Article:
We know what happened when Mr. Smith went to Washington. But what about when Mr. Moore went to Chicago?
There's a stereotype out there that evangelicals only care about abortion and "morality" issues like homosexuality and marriage. Lots of pundits describe us as monolithic in our approach to these issues.
That may have been true in the past, but no longer. To cite just one example, Daniel Burke of CNN has identified seven types of evangelicals in politics. They run the gamut from extremely conservative to extremely liberal. And these groups are often so focused on their pet agendas they rarely talk to each other, much less work together.
Russell Moore wants to change all that. Moore, who is president of the Southern Baptist Convention's Ethics & Religious Liberty Commission, is staunchly pro-life, pro-adoption, and pro-marriage — a member of what CNN calls "institutional evangelicals."
So why did Moore travel to Chicago to address young, progressive evangelicals at this year's Justice Conference? Well, like Mr. Smith in Washington, Dr. Moore went to stir things up.
And he succeeded. Chelsen Vicari of the Juicy Ecumenism website reports that Moore began by chiding his own allies in the culture wars while applauding the young people who care deeply about the so-called "justice issues" like immigration and sex trafficking.
Moore said, "When I'm speaking to people in my tribe of conservative confessional evangelicalism I often have to say you are pro-life, and rightly so, but because you recognize the image of God and the humanity of God in the unborn child . . . you must also recognize the humanity and dignity of God in people who might not be politically popular with you right now: with prisoners, with refugees, with immigrants."
Then, like a prophet of old, Moore turned the moral spotlight on his young audience. Moore said that abortion, too, is a justice issue.
"We must … stand up and say No to racial injustice, No to refugee-bashing, No to immigrant-demonizing, No to predation on the poor, and No to the violence and injustice of abortion."
He said that part of our problem is wanting to be defined in terms of our peer group.
Some evangelicals, he said, are "afraid to speak up on a biblical view of issues of human sexuality because they're afraid that somehow that means they will be associated with people in polyester somewhere that they don't want to be like. How cowardly."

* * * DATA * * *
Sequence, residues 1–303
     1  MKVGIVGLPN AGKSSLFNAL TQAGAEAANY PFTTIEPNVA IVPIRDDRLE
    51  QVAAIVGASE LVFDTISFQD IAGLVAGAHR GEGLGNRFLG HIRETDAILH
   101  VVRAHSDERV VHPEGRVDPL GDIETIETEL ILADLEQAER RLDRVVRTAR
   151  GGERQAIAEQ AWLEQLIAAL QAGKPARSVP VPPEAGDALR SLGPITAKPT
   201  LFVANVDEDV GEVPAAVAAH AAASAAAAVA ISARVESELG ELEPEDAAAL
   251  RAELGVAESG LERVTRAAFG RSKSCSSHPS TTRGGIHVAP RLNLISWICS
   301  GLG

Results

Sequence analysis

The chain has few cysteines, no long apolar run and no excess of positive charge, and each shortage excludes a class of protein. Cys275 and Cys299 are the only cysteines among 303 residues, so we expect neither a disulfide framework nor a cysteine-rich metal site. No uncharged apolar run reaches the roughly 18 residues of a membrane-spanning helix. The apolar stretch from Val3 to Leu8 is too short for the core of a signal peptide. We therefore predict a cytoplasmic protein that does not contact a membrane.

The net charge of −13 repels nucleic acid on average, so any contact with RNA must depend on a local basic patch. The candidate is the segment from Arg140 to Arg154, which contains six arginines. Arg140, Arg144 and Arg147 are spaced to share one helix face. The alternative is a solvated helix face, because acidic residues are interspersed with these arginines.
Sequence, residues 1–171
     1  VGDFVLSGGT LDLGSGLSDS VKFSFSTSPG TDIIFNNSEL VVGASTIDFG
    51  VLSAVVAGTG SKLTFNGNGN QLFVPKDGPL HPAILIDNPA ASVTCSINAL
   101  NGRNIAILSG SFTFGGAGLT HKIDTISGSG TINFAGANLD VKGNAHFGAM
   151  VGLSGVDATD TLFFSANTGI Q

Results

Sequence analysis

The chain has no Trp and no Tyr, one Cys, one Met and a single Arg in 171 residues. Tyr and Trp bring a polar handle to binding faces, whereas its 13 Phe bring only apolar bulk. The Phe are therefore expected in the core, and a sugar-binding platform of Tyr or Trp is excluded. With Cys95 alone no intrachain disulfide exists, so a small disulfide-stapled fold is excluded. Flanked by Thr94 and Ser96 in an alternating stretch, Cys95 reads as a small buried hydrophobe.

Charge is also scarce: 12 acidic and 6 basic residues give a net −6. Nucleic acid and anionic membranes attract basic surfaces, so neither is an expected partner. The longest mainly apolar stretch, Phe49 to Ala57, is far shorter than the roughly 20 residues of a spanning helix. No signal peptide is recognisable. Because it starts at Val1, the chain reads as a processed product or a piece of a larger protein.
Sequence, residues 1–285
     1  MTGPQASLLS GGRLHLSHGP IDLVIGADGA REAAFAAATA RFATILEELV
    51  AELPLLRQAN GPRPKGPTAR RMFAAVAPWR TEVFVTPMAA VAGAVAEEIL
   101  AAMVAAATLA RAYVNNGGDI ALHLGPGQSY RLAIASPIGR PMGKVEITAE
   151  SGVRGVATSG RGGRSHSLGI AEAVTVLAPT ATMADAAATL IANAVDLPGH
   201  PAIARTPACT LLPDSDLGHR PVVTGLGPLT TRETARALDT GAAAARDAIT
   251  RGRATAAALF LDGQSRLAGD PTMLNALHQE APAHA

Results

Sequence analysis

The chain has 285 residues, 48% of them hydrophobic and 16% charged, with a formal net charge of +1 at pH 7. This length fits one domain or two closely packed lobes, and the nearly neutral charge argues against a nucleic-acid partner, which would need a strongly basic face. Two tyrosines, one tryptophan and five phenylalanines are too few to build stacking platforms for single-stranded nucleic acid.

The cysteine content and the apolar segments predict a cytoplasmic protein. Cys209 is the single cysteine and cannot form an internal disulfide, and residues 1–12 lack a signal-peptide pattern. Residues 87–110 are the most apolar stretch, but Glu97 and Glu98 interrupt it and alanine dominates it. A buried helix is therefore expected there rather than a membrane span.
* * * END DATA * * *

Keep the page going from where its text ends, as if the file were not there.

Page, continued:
That comment drew uneasy silence.
Then he reminded his audience that the ultimate "justice issue" is our standing as sinners before a holy God. It's an issue that we cannot skirt if we claim to be Christians.
"There is a great valley that separates the just from the unjust, and the basis for that separation is the gospel of Jesus Christ," Moore said. "We cannot be people who are concerned about justice if we are embarrassed about the doctrine of hell. If you are embarrassed … because it reminds you of some uneducated backwoods preacher … what you're embarrassed of is not hell … [but] Jesus Himself."
Sadly, Chelsen Vicari reports, some of the young people at the Justice Conference, but by no means all, murmured at his uncomfortable prophetic challenge to expand their understanding of justice.
And before we're tempted to shake our heads at these young brothers and sisters in the faith, let's remember that we have a lot to learn from their Wilberforce-like passion for justice on behalf of the ignored and invisible. After all, that's why Chuck Colson founded Prison Fellowship long before he started the Colson Center.
I'm grateful to Dr. Moore for reminding us that while we may have our particular passions, we can never forget that the Gospel speaks to hungry, hurting bodies as well as to hungry, hurting souls.
Originally posted at breakpoint.org.